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Home | Episode #58
March 11, 2020 | Student Producer:

Ryan Gentry
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USD Professor Christopher Carter shares how endings can lead to unexpected beginnings.

I'm sure you've heard the expression that we all kind of long for and want happy endings now as a person of color who grew up poor and hungry, I knew pretty early on that the idea of something coming to an end, that my ending could be happy was perhaps a bit far fetched and was perhaps only reserved for a certain segment of society. So my belief of endings was that generally speaking, endings were painful. This way of thinking continued to inform me, up and until I reached a pivotal moment in my life when I had to ask myself if what I was experiencing as an end was perhaps an invitation.

This happened when I was in graduate school. And for those of you who may have the crazy idea of doing a PhD, I will tell you it is stress on your relationship. While I was writing my dissertation, almost making it through the fourth year of my PhD. One year left. My wife and I have this epic moment where we realize our marriage is not working or I should say she realized our marriage was not working and left.

Now I was a full time student and a full time pastor. We had been together at this point for 15 years. We started dating when we were kids. Is this going to be the end of something that I thought would last forever? After all, as a minister, I know that a part of the vows I read is "till death do us part." In the midst of this particular time in my life, I began to go through a understandably deep depression and my anxieties began to resurface about my fear of endings and and I thought, is this going to be the end of me? I began to find little pieces of myself that I had lost. I began to pray again

This was a conversation with God. I was going to argue with God. For those of you who have read the Bible, I was going to be like Job. We were going to have a conversation about what was happening in my life and this kind of contemplative prayer style became an ending of a former way of prayer and opened a new beginning. I began to find ways to talk to my wife in the midst of our separation and convinced her for us to go to therapy and then this therapist who is amazing, taught us so much about ourselves and we realized that perhaps we needed to allow our old marriage, our old ways, our old way of being together to die. Perhaps it did need to end.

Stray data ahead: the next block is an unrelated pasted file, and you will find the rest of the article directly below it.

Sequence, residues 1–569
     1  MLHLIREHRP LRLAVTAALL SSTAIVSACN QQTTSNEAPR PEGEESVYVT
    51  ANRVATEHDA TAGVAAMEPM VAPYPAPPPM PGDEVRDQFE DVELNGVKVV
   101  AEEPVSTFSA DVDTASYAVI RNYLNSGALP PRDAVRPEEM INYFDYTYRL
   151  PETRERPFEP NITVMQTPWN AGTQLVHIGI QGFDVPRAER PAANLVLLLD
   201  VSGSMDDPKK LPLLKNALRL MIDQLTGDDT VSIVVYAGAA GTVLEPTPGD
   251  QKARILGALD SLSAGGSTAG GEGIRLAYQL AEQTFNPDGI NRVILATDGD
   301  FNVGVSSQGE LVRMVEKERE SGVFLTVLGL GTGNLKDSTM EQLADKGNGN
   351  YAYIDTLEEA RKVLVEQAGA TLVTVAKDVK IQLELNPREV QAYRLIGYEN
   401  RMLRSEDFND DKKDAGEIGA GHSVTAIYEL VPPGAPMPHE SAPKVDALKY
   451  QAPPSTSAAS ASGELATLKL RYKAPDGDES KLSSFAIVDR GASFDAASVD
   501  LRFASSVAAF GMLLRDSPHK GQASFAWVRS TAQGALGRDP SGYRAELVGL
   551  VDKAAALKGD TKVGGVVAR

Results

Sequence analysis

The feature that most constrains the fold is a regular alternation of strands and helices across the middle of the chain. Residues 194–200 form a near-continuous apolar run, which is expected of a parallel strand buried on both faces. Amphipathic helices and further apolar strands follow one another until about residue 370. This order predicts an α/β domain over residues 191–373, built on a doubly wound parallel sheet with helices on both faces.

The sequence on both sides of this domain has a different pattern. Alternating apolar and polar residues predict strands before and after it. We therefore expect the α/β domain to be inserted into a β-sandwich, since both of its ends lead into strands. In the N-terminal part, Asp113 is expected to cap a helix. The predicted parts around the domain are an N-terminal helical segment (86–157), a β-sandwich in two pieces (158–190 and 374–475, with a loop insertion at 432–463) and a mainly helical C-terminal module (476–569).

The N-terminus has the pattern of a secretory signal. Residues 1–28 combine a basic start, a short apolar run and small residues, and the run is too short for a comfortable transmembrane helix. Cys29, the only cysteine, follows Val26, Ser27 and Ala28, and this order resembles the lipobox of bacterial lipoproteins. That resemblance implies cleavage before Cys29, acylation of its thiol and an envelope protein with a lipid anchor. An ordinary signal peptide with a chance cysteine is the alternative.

I realized in these conversations with my wife, with my therapist, and with God that the end can be an invitation if you so choose to have it be. I put an end to this fake form of love, this Instagram kind of love where you just only want people to see the parts of you that you like and we began a new marriage built on love, trust, and compassion. Now I began to embrace a love that allowed me to be vulnerable, to show people that I have flaws, that I have made mistakes. I had to learn to love the parts of me that I don't like.

We had been trying to have a child for several years since we got back together to no avail. And in the midst of this, when we got back after stop trying, just focusing on perhaps going down the adoption route which we still plan to do. A month later, my wife comes downstairs and she tells me, she says, look at this. It's a pregnancy test and she is pregnant and I think "What?" This is impossible! This can't work! This is crazy! And what I realized, what I'm realizing right now, is my son was born on April and indeed I experienced another ending, an ending of our marriage as just a joint enterprise in the beginning of a new family endings, endings. They can be opportunities if you want them to be. So may you see your endings as invitations. May you experience your end as an open opportunity, a chance for you to envision and reshape, reclaim what your future might be. Amen.